US Expat resources

US expatriation part 1: considerations and planning opportunities

By Oliver Burton of Blick Rothenberg, together with Tahir Mahmood and Todd Cowan of London & Capital | 01 Sep, 2022

In this three-part article series, Oliver Burton of Blick Rothenberg, together with Tahir Mahmood and Todd Cowan of London & Capital give a comprehensive overview of expatriation. They discuss the basics of expatriation and who it impacts, all the way through to the planning opportunities available.

What is expatriation?

The term ‘expatriation’ can be defined as a voluntary departure from the country in which an individual is a citizen – be it from birth or on a naturalised basis.

There is usually a physical departure involved in some way, but when we use the term ‘expatriation’ we are also referring to the more formal, administrative side of renouncing one’s citizenship.

In this article, we discuss expatriation from the US and the associated tax implications. It is not just US citizens that need to be aware of the rules here. As we will see, Green Card holders are often impacted in the same way if they choose to hand back their permanent resident status.

Why do people do it?

There are many reasons why an individual may choose to expatriate from the US or surrender their permanent resident status, but tax is usually one of the driving factors.

The US is one of the only jurisdictions in the world that looks to impose a tax on a citizenship basis. This typically means that a US citizen is held within the scope of US taxation irrespective of where they are located and for how long.

For example, a US citizen who has become a long-term resident of the UK will be obliged to keep up with their US tax obligations for as long as they retain that US citizen status.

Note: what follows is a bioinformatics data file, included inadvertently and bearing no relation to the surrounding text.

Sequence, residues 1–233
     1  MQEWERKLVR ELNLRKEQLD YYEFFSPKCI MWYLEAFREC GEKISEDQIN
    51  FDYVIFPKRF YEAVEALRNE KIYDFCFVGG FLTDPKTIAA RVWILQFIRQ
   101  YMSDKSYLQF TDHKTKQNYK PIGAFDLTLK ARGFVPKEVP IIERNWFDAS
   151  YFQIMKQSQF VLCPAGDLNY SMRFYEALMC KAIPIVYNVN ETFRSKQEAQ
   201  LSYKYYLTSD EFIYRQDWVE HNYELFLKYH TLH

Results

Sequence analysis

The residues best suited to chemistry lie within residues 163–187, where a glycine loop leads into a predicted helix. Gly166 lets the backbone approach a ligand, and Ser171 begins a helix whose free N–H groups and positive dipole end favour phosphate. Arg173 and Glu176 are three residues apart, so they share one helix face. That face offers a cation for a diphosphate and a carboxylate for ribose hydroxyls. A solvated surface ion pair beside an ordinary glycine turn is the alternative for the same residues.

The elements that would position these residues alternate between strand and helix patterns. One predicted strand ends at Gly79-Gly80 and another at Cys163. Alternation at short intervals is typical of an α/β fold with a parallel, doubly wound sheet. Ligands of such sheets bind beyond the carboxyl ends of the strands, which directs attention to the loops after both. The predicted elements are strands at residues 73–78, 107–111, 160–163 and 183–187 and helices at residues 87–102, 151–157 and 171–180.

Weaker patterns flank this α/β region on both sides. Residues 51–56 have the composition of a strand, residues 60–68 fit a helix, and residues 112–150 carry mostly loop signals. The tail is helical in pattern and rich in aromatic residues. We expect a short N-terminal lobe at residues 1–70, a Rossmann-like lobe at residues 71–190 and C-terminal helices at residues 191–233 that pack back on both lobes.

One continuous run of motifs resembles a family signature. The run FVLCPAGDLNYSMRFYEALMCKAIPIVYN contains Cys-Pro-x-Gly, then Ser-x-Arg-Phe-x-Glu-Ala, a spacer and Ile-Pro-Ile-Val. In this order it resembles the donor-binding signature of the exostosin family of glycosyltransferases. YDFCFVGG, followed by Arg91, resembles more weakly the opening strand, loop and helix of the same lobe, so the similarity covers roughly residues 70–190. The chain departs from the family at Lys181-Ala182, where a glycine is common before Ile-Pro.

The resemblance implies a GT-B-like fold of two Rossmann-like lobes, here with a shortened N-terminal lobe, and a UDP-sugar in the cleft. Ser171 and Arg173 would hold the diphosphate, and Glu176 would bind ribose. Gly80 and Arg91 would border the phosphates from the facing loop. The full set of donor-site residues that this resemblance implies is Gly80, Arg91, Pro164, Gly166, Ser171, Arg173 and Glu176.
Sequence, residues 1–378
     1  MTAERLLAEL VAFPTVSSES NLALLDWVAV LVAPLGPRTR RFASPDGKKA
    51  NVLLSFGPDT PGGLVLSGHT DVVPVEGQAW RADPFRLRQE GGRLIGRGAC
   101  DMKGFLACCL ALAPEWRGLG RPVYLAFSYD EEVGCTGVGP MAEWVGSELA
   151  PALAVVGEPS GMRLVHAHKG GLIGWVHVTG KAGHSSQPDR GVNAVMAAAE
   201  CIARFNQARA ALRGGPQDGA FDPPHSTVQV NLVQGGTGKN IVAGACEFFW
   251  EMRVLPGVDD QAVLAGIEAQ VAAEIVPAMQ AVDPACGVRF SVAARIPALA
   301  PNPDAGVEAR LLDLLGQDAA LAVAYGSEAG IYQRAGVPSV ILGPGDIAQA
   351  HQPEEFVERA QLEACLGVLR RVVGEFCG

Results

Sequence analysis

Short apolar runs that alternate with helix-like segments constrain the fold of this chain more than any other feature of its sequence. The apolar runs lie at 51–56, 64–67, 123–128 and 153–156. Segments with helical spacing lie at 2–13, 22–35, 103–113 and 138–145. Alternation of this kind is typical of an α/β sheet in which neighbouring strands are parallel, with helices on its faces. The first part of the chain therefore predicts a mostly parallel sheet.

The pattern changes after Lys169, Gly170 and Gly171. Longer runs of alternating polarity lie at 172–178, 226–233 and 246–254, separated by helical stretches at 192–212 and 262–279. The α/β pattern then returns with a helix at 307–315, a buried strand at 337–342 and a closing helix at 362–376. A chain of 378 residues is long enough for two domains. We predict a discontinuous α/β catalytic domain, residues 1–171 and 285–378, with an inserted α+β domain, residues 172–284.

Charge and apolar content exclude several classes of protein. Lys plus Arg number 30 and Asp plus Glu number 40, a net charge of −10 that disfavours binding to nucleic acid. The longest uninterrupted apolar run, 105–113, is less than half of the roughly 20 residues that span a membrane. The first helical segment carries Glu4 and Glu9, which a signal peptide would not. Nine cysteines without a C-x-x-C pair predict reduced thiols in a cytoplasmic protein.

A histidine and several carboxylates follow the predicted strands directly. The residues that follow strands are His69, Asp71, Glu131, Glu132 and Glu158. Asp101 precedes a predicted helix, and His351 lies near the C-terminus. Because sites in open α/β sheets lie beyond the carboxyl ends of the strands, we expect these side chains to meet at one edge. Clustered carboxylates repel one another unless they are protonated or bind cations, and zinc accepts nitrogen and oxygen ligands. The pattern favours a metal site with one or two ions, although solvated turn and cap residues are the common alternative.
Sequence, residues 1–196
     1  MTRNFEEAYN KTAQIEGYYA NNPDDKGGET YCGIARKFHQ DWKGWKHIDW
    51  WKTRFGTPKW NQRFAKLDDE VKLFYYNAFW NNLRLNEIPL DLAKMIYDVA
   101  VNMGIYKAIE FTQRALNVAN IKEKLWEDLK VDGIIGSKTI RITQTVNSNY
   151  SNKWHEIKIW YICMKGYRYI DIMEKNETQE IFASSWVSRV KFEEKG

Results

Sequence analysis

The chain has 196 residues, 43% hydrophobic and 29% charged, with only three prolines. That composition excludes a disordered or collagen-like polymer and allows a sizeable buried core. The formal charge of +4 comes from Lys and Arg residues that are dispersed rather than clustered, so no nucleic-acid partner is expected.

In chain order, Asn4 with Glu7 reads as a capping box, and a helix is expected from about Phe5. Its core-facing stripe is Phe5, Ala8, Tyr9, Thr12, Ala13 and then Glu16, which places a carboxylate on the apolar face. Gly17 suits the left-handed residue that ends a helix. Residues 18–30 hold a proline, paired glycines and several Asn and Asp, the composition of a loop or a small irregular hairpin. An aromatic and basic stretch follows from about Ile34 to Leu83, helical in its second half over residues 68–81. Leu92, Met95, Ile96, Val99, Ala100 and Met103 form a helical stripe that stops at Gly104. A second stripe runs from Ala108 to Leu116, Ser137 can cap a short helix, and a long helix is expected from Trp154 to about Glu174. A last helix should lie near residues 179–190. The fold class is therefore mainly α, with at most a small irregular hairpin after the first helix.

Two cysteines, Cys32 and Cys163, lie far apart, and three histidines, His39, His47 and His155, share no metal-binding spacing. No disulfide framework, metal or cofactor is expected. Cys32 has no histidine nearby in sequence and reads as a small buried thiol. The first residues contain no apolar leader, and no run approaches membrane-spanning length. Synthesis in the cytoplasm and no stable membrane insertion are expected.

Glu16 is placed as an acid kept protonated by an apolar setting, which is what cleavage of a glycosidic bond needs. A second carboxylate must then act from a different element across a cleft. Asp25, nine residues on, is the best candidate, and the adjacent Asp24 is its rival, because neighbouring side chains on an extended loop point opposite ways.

Similarly, non-US citizens who hold US Green Cards for extended periods of time will often be subject to those same obligations, even though they may have left the US for good.

Individuals in that position are of course within the scope of tax legislation in the UK or wherever else they may reside. Managing two tax systems in this way can be an onerous exercise when it comes to both filing obligations and the payment of tax.

What happens to an individual’s US tax return obligations?

In the year of expatriation or abandonment of permanent resident status, the individual will need to submit Form 8854 with their US income tax return.

Once the tax return for the year of expatriation or abandonment has been submitted, the individual in question will likely be a non-resident alien for US tax purposes. This generally means that they will only be expected to submit US tax returns in future if they are in receipt of US sourced income, they are engaged in a US trade or business, or if they are spending significant amounts of time in the US.

In some situations, individuals will be required to file Form 8854 on an annual basis after the initial year. This is normally only relevant where there has been a deferral of tax or if the individual has a specifically complex aspect to their affairs.

Are there any costs associated with expatriation and abandonment of permanent resident status?

There can be – and sometimes they can be significant.

To start with, there is the process itself. An individual will need to pay a $2,350 fee to the US Embassy when attending their appointment.

Good tax and immigration advice is always recommended. Individuals should be mindful of the fact that engaging tax advisors and lawyers will bring in an additional cost, and that cost can vary depending on the complexity of their affairs.

Lastly, some individuals will be required to pay the infamous ‘exit tax’.

Click here to read the next article of our Expatriation series where Oliver Burton of Blick Rothenberg, together with Tahir Mahmood and Todd Cowan of London & Capital will be discussing  “The expatriation process and the exit tax”. Sign up to our newsletter to get this delivered straight to your inbox.

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